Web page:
China's Central Publicity Department Sets New Rules for Chinese Media

By Fang Yuan, Radio Free Asia
February 20, 2007 Updated: February 20, 2007

The Central Publicity Department (also known as the Propaganda Department) of the Chinese Communist Party (CCP) has established a new policy to grade the print media in China. Some commentators consider this another wave to intensify the control of freedom of speech.

According to the South China Morning Post 's report on Feb. 9, the CCP's Publicity Department decided to use a new grading system on the print media in China. Each print media will have 12 points to start with. If the authorities consider that the content of a media is against the order or ideology of the CCP central government, the Publicity Department and the General Administration of Press and Publication (GAPP) will decide whether to and how many points to take off from the media. The number of points that can be removed are 3, 6, 9, or 12, and the penalties include internal warnings, removal of the responsible personnel, and stopping the press from printing.

Analysts consider the grading system a new way for the authorities to intensify control over freedom of speech because the inspecting agents are also from the central government and the details of the new regulation are still unclear.

This RFA reporter called the China Youth Daily , an official newspaper in Beijing, on Feb. 13 and asked about the new regulation. The newspaper said its report will conform to the regulation from the Publicity Department, “We definitely will work under the general rules set by the Publicity Department. So far, we are not clear about the details of the new regulations and what we can do. What we have now is the internal administrative regulations.”

Li Xinde, the administrator of a mainland Web site named Public Opinion Monitoring, considered the new rule was about the Publicity Department's desire to please central leaders before the 17th National Party's Congress. “Reporters who work in the CCP news agencies often receive internal notices of what can't be reported. The 17th Party Congress is approaching and the Publicity Department will have something to show the central leaders what they have been working on,” said Li.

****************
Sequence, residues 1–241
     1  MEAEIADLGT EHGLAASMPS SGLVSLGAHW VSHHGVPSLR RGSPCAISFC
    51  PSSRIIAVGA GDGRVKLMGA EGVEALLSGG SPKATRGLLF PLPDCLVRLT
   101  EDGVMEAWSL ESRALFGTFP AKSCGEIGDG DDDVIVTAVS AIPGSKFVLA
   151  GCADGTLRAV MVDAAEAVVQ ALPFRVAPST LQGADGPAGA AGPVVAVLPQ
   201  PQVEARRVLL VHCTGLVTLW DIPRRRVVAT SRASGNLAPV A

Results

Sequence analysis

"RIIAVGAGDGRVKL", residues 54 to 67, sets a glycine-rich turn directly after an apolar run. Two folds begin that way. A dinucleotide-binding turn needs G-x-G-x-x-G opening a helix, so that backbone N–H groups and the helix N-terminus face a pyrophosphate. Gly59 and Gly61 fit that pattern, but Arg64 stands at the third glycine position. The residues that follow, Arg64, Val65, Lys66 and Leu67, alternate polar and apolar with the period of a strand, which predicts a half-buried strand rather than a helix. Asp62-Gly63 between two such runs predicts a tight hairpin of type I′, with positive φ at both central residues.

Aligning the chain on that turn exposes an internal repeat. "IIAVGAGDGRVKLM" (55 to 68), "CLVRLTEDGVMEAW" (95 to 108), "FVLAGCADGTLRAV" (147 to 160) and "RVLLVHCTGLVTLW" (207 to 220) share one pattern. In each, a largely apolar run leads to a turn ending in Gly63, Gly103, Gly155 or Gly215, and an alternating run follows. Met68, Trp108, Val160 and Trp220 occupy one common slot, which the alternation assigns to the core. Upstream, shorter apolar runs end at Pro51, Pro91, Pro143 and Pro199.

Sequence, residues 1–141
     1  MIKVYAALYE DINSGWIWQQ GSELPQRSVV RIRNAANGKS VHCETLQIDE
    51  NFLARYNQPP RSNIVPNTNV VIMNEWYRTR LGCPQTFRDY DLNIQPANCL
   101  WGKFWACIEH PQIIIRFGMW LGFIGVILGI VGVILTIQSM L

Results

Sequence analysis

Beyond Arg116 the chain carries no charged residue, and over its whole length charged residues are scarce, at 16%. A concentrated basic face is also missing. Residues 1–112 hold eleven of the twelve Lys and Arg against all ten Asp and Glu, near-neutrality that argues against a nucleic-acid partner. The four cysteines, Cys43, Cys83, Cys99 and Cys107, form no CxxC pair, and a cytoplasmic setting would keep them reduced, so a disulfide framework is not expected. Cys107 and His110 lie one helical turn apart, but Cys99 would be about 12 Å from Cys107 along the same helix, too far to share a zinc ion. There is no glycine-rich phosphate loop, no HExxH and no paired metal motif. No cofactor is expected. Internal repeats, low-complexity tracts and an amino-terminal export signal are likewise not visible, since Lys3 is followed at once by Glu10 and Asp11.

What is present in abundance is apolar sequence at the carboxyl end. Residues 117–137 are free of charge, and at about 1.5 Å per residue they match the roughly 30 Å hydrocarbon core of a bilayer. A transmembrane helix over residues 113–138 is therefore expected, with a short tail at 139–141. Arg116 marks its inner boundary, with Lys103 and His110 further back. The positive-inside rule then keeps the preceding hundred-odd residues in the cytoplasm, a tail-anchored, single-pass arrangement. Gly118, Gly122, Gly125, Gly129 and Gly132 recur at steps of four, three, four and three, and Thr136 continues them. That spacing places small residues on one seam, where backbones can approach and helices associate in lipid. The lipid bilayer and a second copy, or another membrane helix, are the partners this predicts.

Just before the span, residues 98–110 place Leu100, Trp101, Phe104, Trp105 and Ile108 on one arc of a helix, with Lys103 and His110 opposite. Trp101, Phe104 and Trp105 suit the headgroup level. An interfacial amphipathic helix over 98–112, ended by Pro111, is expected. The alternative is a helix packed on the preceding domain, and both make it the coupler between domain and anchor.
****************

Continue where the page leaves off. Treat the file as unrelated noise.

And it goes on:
Since Jan. 1, 2007, the CCP authorities has removed a lot of restrictions for the foreign media on an unusually large scale. The foreign media can interview any individual as long as the individual and his organization agree. But one and half month later, the CCP put more regulations on the local media.

Huang Qi, founder of June 4, a forum that posts news on human rights and media's freedom in China, said, “The foreign media and national media both have limited freedom over what to report. The government even controls the depth and breadth of the news report of Chinese media. If the CCP doesn't put restrictions on the media, then freedom of speech will put its political power in danger. However, at the same time, the CCP wants to keep its promise to the international media, for this reason it has to intensify its control over the Chinese media.”